What is a DNA profile?


Been listening lot of EWU and general crime documentaries/podcasts on my daily commute, and I keep hearing about DNA profiles. After looking it up briefly, I saw that our DNA is all so similar anyway, but there are specific identifiable patterns. Someone can match the profile but not be an exact match- how does this work? What are traits that a DNA profile can describe?

In: 1

It does not describe any traits at all, its just a list if genes(or positions in your gene chain) that are known to be different in humans.

Humans share 50% of DNA with plants and 98% with pigs, so 99% of this huge string of DNA pairs is totaly the same between two people, genetic markers are the remaining 1%

In some cases you can say that more people with some skin type or hair color have some specific marker.

It’s single-nucleotide polymorphism typing. That’s to say, known places in the genome where a single “letter” (nucleotide, A/T/C/G) of DNA is sometimes different from how it is in the vast majority of humans. This tells you essentially nothing about a person’s traits, outward appearance and such, but can be used to test their relatedness to other people or to samples of unknown origin (such as from a crime scene).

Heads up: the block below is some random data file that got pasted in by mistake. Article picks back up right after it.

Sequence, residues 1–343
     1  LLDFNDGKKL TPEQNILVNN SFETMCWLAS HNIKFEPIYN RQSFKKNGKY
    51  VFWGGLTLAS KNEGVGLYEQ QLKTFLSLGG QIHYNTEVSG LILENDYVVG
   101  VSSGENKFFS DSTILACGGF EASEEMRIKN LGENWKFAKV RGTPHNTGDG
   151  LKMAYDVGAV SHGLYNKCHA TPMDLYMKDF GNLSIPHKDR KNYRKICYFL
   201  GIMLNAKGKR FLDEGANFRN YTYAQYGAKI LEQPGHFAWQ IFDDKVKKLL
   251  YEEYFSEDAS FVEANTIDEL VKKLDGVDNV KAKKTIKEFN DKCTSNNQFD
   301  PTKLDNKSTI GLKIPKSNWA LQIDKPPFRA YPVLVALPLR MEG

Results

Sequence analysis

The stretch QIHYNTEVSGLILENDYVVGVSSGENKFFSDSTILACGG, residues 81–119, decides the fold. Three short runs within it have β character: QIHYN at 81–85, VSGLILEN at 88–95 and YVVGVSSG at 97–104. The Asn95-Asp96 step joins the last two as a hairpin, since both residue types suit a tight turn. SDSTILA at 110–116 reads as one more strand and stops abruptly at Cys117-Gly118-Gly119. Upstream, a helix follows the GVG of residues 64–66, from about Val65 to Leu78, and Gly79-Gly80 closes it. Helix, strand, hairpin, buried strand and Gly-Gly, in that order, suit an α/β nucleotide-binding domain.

Imagine a big book. Every human has a copy of this book, which they get by manually copying over from their parents’ books. Very rarely, people make a random typo, which they can’t correct and their children will go on to blindly copy that typo when it’s their turn to write out the book. You will end up with typos that are distinct to your family line; maybe in yours, a single instance of “car” got turned into “cat” on page 178. The vast majority of other humans on the planet still have “car” there. If you find the “cat” typo in a given person, it gives you a clue about their ancestry, and thereby their identity. If there were a couple hundred of these characteristic typos, you could look for all of them in a person’s book to assemble a profile of exactly which ones they do and don’t have. That’s more or less how SNP typing works.